and he who buildeth thereon shall not be confounded. But to many it is a stone of stumbling, and a rock of offence. They who fall on this stone shall be broken; but on whomsoever it shall fall, it will grind him to powder.

The Apostle observes, that the doctrine of Christ crucified for the sins of men, to some is foolishness; but to others it appears to be the power and the wisdom of God.

The scheme of salvation opened in the gospel, all who contemplate it, must acknowledge to be wonderful. And some have thought the wonder too great to be believed. "Mankind," they say, "C are an inconsiderable race of beings-probably the lowest in the rational scale. God is perfectly happy and glorious in himself, and cannot be made more or less so by the conduct or the condition of his creatures. Can it then be thought, that he would take all that concern for men which the gospel represents him to have done; that he would so pity them in their guilt, as to send a Divine Redeemer, in a human form too, yea, in the lowest condition of men-would subject him to an infamous death, number him with transgressors, and appoint him a grave with the wicked-would afterward raise him to heaven in this same human body, and there place him at the head of his kingdom to manage the affairs of it for the benefit of believers ?-Is there in man any dignity or importance which deserves such a singular interposition?-Are not the means out of proportion to the end?-Can we see any thing in the whole economy of Providence at all resembling this?"

Thus the mercy, which appears in the gospel, and which surely ought to recommend it to guilty creatures, has been urged as an objection against the truth of it.

The examination of this matter will lead us to some profitable meditations, and prepare the way for some serious reflections.

1. The wonderfulness of the scheme of redemption, exhibited in the gospel, is a presumptive evidence of its divinity.

The farther it lies beyond the reach of human invention, the more reason is there to believe that it came from God. If it is quite a singular plan, and there is nothing in the whole system of nature that bears a resemblance to it, then there is nothing that could suggest it to the wit of men, or give a hint from which to frame it in the imagination; consequently it must be wholly the contrivance of divine wisdom, and the discovery of divine revelation.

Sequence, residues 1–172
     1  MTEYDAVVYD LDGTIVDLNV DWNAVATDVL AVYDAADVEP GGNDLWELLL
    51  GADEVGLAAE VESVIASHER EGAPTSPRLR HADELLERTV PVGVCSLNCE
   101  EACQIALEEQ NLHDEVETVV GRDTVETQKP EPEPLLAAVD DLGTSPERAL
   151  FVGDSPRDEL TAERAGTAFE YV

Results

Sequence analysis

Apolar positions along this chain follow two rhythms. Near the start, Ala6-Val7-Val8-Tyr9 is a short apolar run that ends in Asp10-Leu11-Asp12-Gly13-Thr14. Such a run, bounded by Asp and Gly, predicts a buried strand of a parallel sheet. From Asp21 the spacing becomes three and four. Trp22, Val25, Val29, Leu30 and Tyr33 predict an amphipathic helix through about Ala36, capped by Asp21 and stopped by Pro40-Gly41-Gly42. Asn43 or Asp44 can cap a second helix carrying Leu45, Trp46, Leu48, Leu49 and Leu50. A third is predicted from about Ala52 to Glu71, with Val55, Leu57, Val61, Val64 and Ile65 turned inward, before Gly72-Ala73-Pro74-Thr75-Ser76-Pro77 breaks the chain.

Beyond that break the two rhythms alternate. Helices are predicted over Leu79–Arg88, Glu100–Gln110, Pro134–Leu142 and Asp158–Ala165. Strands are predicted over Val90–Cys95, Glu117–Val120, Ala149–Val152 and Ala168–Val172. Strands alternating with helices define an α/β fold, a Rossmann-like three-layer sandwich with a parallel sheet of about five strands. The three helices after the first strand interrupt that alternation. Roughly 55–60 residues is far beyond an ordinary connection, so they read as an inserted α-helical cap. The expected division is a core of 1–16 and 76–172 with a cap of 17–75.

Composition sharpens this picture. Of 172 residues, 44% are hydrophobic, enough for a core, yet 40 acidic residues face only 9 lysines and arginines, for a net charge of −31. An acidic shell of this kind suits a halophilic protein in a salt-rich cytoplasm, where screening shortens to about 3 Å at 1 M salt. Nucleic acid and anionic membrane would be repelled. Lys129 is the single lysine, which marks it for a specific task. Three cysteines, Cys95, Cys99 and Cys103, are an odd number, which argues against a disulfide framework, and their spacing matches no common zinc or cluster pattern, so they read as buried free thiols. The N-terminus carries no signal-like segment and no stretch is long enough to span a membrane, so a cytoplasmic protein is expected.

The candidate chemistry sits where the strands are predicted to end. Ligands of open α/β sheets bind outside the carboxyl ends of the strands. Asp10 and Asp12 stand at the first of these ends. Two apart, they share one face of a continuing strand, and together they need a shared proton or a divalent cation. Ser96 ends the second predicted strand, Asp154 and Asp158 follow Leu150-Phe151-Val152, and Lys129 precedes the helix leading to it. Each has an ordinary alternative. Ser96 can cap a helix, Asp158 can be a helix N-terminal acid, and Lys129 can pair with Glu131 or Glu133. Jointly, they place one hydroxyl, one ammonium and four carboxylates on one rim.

That men are guilty and impotent, is obvious to experience. This has ever been their acknowledg ment and complaint. To inform them of this unhappy state, they have not needed revelation. How they may be recovered, is a natural inquiry. But, Could it, without any intimation, have entered into the heart of man, to imagine such a scheme as the gospel lays before us ?If any had been disposed to frame a scheme for the amusement, or deception of their fellow creatures, Could they possibly have conceived so great, so singular a scheme as the incarnation, crucifixion, and resurrection of the Son of God? Man is indeed an inventive creature; but his invention appears rather in improving on suggestions already made, than in originating things entirely new. The greatest discoveries, which have been made in arts and sciences, are the fruits of some fortunate accident, from which a hint was first taken, and afterward ripened by experiment. But as there could be nothing in nature to suggest the idea of the death of the Son of God for the sins of men, so it is absurd to suppose it a